Listen to Dis awarded grant for $20K worth of musical equipment

Listen to Dis Community Arts organization was one of 24 non-profits across Canada to receive the grant.

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Traci Foster was “blown away” when she received a call in September informing her that a grant application, filed in the spring, for the 2022 MusiCounts TD Community Music Program had been successful.

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The program will see $320,000 worth of musical instruments, equipment and resources distributed among 24 community non-profit organizations across Canada, including $20,000 worth for Listen to Dis Community Arts Organization in Regina.

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“I was actually visiting my niece, who was expecting her second baby, in Alberta and I got a phone call saying ‘you’ve been successful in this grant,’” recalled Foster, who is the founder and executive artistic director of the organization, during a phone interview Tuesday.

“I was blown away, like legitimately, literally blown away because two things: we were successful in getting the grant, which is a big thing, a big celebration, but also we had thought that the deadline had passed,” she added.

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Foster explained that applicants are only notified if they’re successful in their endeavour. Up until that point, Foster was under the impression the application was unsuccessful and she would try again next year.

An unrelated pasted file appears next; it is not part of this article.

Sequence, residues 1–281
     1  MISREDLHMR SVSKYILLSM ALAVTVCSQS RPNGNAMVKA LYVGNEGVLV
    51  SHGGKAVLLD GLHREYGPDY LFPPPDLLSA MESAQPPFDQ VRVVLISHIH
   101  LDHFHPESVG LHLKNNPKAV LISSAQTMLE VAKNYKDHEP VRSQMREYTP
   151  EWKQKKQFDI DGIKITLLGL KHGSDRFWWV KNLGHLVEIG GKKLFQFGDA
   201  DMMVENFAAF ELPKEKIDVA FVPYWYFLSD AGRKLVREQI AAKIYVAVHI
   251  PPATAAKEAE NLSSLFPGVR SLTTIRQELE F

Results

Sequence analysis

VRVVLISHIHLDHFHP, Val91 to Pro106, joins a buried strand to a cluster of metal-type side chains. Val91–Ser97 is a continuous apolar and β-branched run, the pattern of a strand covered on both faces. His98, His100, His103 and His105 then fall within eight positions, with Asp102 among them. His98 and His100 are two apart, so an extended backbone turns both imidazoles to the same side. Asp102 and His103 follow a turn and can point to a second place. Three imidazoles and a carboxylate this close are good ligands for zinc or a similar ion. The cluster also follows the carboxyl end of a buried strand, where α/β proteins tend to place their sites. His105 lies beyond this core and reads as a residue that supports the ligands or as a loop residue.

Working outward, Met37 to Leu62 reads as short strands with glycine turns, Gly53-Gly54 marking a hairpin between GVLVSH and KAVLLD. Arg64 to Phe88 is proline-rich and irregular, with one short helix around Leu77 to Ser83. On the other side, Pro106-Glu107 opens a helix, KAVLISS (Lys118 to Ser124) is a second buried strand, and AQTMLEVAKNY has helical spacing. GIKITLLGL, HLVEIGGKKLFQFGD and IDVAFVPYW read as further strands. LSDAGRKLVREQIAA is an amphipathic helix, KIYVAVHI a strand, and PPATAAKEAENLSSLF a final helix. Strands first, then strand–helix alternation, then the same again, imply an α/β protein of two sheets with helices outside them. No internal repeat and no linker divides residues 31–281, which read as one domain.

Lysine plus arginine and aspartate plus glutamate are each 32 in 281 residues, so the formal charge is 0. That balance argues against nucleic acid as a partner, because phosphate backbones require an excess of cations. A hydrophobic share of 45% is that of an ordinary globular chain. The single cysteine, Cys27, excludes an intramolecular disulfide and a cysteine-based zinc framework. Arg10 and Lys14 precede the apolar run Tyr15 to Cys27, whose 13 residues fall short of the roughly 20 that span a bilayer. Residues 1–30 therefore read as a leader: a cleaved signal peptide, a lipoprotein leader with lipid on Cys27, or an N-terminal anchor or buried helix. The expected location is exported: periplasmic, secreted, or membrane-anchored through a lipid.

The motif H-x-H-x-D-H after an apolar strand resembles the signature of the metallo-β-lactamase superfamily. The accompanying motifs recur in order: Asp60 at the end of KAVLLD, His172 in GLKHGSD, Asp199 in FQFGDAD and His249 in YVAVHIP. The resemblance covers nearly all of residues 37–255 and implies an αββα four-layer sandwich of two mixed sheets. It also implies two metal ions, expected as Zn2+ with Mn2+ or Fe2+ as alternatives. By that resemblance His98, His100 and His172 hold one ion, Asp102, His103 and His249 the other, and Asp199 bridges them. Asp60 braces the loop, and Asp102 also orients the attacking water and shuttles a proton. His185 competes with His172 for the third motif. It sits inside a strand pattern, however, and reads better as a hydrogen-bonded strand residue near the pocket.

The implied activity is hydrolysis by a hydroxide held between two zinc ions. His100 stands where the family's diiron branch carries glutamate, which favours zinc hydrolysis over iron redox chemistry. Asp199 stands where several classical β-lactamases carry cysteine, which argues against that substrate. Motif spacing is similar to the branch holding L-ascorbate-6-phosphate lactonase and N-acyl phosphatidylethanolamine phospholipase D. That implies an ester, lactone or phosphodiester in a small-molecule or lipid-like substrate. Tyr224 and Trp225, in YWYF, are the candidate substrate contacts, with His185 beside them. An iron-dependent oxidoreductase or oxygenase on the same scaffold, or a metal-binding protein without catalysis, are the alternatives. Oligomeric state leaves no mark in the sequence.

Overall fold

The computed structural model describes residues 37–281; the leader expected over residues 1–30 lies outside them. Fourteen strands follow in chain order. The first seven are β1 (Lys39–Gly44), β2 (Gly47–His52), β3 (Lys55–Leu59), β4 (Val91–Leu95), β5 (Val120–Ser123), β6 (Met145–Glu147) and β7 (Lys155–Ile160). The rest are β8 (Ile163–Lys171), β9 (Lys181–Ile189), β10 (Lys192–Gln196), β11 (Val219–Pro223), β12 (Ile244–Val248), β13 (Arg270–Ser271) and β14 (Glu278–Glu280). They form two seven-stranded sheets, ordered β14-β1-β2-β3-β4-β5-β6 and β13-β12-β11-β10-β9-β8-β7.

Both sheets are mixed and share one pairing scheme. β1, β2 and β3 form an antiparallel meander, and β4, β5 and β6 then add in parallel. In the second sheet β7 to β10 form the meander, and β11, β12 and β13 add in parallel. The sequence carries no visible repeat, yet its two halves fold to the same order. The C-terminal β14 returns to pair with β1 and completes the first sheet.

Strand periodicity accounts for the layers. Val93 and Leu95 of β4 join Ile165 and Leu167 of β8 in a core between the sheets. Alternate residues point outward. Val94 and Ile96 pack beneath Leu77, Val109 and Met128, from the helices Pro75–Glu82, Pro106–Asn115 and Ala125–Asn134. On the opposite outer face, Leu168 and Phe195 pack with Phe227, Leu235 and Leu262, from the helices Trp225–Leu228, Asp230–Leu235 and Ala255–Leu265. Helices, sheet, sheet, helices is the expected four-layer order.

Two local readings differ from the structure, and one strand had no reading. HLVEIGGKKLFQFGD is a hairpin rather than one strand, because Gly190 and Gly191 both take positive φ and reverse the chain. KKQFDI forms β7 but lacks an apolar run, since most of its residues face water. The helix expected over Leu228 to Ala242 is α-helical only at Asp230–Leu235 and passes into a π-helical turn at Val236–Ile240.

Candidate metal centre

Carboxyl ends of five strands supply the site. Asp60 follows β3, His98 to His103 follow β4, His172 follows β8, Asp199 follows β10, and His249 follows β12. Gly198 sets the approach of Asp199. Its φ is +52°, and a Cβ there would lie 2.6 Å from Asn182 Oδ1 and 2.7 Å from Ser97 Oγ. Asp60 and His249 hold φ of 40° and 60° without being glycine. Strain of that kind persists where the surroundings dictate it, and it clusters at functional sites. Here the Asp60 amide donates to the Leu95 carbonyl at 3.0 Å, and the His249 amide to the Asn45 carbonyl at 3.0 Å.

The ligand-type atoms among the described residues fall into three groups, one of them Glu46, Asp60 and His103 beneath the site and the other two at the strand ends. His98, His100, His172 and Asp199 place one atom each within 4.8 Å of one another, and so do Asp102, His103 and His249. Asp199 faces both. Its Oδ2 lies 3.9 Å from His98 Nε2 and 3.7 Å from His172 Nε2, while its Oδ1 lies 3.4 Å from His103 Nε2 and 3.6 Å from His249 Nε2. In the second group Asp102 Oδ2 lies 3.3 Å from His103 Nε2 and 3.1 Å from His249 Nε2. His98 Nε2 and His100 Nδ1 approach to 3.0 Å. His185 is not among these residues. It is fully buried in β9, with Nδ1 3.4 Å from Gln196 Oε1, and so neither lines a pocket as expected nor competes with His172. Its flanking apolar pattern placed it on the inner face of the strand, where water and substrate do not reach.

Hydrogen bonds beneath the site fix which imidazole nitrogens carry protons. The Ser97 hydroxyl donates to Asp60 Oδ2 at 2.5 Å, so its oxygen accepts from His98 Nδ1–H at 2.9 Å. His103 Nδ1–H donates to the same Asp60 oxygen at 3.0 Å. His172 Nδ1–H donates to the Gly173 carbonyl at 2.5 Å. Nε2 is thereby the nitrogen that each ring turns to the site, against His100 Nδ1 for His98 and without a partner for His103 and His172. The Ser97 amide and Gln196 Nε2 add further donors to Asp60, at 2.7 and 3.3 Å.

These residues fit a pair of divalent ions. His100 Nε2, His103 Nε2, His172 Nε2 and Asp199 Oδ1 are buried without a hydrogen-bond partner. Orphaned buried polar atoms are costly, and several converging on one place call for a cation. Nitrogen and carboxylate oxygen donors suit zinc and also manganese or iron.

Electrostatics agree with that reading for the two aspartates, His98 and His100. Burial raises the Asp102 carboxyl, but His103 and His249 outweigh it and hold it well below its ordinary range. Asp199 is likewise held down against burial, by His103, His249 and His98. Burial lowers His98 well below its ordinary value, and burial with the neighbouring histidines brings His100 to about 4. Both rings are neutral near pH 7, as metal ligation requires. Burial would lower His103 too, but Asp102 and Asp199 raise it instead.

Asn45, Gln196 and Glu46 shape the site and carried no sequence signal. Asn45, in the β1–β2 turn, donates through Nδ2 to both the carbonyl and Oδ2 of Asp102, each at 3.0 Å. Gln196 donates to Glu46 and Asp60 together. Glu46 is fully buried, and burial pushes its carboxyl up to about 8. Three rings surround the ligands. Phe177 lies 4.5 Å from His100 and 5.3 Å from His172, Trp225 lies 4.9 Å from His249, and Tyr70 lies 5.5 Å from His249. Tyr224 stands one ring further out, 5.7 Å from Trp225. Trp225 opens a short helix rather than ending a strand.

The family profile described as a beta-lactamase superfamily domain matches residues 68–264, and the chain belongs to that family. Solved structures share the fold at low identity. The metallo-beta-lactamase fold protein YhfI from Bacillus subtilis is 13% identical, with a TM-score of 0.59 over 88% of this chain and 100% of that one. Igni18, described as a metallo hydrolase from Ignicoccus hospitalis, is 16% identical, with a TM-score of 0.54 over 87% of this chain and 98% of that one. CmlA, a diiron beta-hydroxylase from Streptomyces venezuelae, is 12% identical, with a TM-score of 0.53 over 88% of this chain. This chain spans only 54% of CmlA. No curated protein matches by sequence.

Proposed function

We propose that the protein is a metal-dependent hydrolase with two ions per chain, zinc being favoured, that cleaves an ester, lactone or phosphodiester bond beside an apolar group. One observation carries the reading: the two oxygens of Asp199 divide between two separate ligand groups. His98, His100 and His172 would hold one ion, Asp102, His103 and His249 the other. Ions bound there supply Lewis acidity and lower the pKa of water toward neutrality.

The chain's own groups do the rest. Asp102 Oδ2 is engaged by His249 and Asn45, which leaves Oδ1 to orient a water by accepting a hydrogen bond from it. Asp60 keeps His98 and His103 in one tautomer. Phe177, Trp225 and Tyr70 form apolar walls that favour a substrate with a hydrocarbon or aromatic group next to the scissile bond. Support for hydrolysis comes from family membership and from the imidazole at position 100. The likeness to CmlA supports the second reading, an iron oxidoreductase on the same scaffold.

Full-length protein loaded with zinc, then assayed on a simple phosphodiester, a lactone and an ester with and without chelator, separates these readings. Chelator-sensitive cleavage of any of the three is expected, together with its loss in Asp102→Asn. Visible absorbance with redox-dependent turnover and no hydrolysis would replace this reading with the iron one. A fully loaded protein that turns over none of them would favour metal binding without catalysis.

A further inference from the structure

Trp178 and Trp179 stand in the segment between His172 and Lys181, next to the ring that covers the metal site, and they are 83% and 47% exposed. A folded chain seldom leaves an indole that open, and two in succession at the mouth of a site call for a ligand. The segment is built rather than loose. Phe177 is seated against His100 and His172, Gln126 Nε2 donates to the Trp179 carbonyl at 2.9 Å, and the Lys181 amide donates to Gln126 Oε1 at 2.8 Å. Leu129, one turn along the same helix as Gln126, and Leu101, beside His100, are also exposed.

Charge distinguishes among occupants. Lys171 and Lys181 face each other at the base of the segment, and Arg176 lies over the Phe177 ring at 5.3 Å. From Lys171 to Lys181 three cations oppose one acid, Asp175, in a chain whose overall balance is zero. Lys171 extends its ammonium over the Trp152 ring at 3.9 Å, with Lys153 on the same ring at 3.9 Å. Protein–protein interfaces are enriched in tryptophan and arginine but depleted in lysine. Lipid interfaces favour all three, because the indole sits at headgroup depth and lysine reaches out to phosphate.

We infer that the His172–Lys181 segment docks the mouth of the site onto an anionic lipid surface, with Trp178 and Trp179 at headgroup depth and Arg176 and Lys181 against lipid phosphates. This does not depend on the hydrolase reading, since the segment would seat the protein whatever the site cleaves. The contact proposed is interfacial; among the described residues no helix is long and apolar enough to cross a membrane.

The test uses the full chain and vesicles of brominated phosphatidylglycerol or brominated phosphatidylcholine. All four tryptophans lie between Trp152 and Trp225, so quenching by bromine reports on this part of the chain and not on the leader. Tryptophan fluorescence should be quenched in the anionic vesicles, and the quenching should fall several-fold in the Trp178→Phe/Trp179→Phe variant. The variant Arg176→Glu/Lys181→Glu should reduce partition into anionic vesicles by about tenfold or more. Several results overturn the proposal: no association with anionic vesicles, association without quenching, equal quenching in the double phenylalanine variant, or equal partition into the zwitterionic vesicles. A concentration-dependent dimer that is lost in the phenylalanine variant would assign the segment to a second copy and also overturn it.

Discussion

The organization hasn’t received the equipment yet, which still has to be purchased, but Foster anticipates everything will be paid for and delivered in about a month.

Foster said the organization was able to choose what they would receive, based on the criteria of the grant. Some of the new equipment will include a piano, keyboards, guitars, bass guitars, electronic drums and a theremin, Foster said.

Members of the organization were elated and excited when they heard the news. When the instruments are actually brought in, Foster anticipates they too will feel the same way she did when the call came in — blown away.

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“We program at The Artesian (a former church converted to a performance venue on 13th Avenue) — and have for years and years — and the piano upstairs was slowly losing its lustre so we chose to get a piano so we could encourage more interest in singing and other things,” Foster said.

“But also to support that community hub that we’ve been a part of for so long in their own efforts to have concerts and programming and stuff for communities in Regina,” Foster added.

Foster said the grant is a community success, not only for people with disabilities in Regina, but just for the wider community in general.

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“The piano will fit very purposefully as an instrument of use for everybody and anybody coming through The Artesian, so that delights us,” Foster said.

Listen to Dis got its non-profit status about eight years ago but some of the programming offered by the organization has been part of Foster’s work since about 2005.

Its aim is to “equip and enable people with disability to develop as creative community members or emerging professional artists,” Foster said.

The organization has created its own theatre productions, put together live music ensembles (which are now working on its first big performance) and advocacy for disability culture through its art and outreach work.

The organization was also nominated for organizational leadership from SK Arts this year, which it won.

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